Shouldn’t the plain language of this Florida Statute include medical marijuana? It includes drugs made by Big Pharma, like Oxycodone or Hydrocodone. You can bring these prescriptions anywhere in the country. But the same cannot be said for marijuana. A recent Brevard County case highlights the reasoning behind this. In State of Florida v. Zepeda (Brevard Co. 05-2013-MM-61469-AXXX-XX, April 7, 2014, FLWSUPP 2107ZEPE), the Defendant filed a Motion to Dismiss pursuant to Florida Rule 3.190(c)(4), a motion that required her to admit that she possessed the marijuana, but further claimed that “her possession of the cannabis was a result of a valid prescription”. Sounds good so far, right?

First of all, the Motion to Dismiss was denied for technical reasons, as well it should have been (and I’m not one to say this sort of thing, but the judge is 100% right on this one). These motions must be sworn to, and Zepeda’s motion was not (Practice Tip: if you don’t want to swear to a Motion to Dismiss under 3.190(c)(4), you can always file an unsworn motion to dismiss under 3.190(b)).

Second, the motion to dismiss was denied because the prescription card presented as evidence in support of the motion was obtained three weeks after the arrest. Ouch. Lucky for us, the trial court briefly entertained this interesting issue, even though the judge had plenty of reason to simply deny the motion for the above reasons.
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effects pedal.jpgAfter being arrested or charged with a crime, how long does it take to resolve the case? This is one of many burning questions for those unfortunately enough to have a brush with the law. Here’s what you need to know. In Florida, we have a right to a speedy trial, which means that the prosecution has approximately 90 days to bring a misdemeanor to trial, and approximately 175 days to bring a felony case to trial. But these time frames are not the only speedy trial rights enjoyed by Florida citizens. The 90 days and 175 days are creatures of statute, and a second speedy trial right can be found in the Sixth Amendment to United States Constitution (“In all criminal prosecutions, the accused shall enjoy the right to a speedy and public trial”). The Sixth Amendment doesn’t give us an exact time frame like the Florida Statute, so, to better understand how this time frame works, let’s take a look at the recent case of Niles v. State, 120 So. 3d 658 (Fla. 1st DCA 2013), a case in which an appellate court threw out several convictions for lewd or lascivious molestation due to a delay in arresting Niles. Basically, this delay violated his Sixth Amendment right to a speedy trial, even though the delay did not run afoul of Florida’s speedy trial statute.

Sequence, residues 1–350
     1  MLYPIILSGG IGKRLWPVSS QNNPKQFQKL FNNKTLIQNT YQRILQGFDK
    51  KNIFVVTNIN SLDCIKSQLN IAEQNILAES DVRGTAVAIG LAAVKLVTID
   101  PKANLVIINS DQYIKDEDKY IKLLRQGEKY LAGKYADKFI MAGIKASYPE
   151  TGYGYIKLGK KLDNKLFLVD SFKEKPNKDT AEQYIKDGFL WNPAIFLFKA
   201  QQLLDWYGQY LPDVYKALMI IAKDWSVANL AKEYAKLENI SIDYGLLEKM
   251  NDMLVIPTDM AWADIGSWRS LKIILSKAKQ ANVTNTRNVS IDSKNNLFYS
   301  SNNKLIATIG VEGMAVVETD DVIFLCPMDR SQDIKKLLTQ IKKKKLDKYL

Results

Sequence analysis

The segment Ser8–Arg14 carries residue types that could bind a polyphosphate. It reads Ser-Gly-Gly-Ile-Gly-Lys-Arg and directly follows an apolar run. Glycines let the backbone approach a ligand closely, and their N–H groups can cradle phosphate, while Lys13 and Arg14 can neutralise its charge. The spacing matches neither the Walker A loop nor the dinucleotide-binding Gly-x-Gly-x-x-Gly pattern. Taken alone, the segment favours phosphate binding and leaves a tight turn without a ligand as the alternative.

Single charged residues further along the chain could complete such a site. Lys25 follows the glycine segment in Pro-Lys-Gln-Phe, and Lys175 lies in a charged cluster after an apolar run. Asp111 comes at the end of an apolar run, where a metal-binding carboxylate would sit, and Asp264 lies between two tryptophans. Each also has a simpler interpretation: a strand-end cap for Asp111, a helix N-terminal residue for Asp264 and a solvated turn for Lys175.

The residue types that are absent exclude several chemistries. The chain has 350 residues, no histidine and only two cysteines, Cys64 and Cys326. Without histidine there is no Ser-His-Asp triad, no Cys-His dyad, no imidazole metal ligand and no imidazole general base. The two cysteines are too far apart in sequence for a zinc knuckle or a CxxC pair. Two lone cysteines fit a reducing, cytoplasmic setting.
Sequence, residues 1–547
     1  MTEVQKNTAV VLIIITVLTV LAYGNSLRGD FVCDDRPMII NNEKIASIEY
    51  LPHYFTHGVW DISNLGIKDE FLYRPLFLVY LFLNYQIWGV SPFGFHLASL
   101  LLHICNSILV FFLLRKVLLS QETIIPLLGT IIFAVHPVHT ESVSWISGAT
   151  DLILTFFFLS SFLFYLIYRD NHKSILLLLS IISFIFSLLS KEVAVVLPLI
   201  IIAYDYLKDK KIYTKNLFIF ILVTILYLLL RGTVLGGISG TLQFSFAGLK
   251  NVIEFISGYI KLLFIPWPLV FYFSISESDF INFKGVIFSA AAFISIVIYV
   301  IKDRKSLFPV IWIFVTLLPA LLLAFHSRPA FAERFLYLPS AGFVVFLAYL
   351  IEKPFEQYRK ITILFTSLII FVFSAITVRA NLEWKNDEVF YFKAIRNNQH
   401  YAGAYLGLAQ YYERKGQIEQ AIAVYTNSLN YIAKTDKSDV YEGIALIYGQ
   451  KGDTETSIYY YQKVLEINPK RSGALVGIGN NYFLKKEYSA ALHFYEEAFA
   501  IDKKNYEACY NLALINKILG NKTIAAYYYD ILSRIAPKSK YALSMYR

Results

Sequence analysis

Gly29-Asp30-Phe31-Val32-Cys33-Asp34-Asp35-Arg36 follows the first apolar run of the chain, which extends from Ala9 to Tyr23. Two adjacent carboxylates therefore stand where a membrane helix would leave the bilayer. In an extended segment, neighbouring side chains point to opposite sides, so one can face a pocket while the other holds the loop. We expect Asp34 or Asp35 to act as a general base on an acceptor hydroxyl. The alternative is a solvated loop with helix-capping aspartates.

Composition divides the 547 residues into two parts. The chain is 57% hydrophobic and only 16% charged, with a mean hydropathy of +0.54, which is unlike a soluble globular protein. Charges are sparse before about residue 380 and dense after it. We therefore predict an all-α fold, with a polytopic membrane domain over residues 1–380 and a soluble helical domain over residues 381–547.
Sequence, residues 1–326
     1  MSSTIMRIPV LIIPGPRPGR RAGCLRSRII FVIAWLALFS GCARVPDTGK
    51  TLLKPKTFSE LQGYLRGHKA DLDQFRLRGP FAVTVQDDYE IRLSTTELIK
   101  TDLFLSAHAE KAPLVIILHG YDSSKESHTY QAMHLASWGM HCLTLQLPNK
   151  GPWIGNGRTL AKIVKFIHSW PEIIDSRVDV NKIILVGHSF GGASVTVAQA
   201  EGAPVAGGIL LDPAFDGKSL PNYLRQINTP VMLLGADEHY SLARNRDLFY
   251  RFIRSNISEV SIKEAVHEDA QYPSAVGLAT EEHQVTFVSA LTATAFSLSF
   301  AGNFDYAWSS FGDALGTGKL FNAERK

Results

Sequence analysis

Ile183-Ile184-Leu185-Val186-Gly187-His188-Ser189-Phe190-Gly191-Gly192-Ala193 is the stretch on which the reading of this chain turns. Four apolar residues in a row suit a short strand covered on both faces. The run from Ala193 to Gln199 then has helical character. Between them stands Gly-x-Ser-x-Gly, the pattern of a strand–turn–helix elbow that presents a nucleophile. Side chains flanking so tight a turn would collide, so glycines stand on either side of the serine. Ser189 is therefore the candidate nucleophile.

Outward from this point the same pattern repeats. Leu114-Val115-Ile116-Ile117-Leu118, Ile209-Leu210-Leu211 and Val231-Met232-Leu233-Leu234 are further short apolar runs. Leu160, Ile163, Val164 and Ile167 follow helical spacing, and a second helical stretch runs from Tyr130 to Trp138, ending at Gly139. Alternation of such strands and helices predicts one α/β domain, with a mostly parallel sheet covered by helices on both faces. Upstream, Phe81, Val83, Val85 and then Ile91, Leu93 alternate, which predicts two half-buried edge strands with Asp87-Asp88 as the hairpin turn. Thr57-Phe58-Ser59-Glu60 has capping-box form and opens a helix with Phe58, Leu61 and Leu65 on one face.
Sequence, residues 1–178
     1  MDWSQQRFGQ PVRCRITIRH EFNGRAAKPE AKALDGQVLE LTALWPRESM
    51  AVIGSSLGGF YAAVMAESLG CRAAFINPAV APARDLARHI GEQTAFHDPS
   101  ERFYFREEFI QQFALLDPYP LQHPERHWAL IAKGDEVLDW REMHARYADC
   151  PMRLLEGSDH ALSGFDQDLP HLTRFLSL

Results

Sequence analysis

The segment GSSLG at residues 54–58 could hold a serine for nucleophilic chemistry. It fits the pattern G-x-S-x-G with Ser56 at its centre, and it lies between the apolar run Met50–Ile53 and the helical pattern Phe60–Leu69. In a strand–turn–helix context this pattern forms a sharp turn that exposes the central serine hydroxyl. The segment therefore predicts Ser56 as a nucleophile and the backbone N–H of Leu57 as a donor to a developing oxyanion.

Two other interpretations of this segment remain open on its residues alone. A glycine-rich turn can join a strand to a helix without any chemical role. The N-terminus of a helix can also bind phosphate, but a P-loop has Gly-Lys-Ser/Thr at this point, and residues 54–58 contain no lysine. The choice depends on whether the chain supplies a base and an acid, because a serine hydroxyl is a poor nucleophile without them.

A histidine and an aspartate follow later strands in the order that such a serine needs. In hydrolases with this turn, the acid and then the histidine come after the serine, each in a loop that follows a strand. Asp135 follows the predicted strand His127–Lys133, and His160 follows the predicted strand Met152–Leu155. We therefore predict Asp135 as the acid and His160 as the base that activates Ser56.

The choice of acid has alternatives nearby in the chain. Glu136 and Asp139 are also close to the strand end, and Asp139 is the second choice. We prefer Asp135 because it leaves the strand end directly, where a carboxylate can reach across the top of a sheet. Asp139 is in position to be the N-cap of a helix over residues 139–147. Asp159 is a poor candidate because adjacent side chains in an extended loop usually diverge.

Niles was officially charged with lewd molestation on March 6, 2000 (when the prosecutor filed a document called an “Information”). A warrant for his arrest was issued at the very same time. On August 11, 2008, he was arrested on this warrant. Yes, this delay was more than eight years. No, Niles was not that hard to find, even though he often travelled in a camper van (the accusations involve kids in a camper van, but I’m going to spare you the creepy details–this time). Niles was retired military, receiving monthly benefits from the United States Army. Back in March of 2000, they knew his address, they knew his phone number, they knew his Social Security Number, and they knew about the Army benefits. Furthermore, Niles had a passport, and he re-entered the country several times between 2000 and 2008. So, why did it take over eight years to find him? Well, it appears that the sheriff’s office failed to enter the warrant into the national database. As soon as they entered the warrant in 2008, Niles was arrested soon thereafter.

As you might expect from any decent criminal defense attorney, Niles’ lawyer filed a motion to dismiss based upon a violation of his Sixth Amendment right to a speedy trial. This motion was denied by the trial court, but the defense attorney knew the court made a bad decision, and moved for reconsideration. Denied again. So, the defense attorney appealed the second denial to a higher court (via a petition for writ of prohibition), but that too was denied. (They appealed to the very same court that, eventually, overturned his convictions? Why didn’t they just do it right the first time? At least they got it right, eventually)
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hard drive.jpgThe government loves to search our stuff. What are the limits of this power? The Constitution, of course. In a month or so, the United States Supreme Court will render a decision regarding law enforcement’s search a citizen’s cell phone upon arrest. Keep in mind, it is customary for the police to search the personal items of an arrestee, like a wallet or purse. Sometimes, a man’s wallet contains photos of his family, and it is legal for an officer to flip through these items upon arrest. However, does this right to search extend to a cell phone? Not in Florida. As of last year, the Florida Supreme Court ruled that these cell phone searches violate the Fourth Amendment. Smallwood v. State, 113 So. 3d 724 (Fla. 2013). Locally, Central Florida was left with a bad decision in State v. Glasco, which followed the original Smallwood decision and ruled that cell phone searches were constitutional. As you might expect from me, I didn’t agree that these searches were legal, and months before these cases were overturned I wrote an article explaining why they were bad law. Yes, I got this one right, thank you very much, but even the blind squirrel finds a nut, and a broken clock is right twice a day. Got it.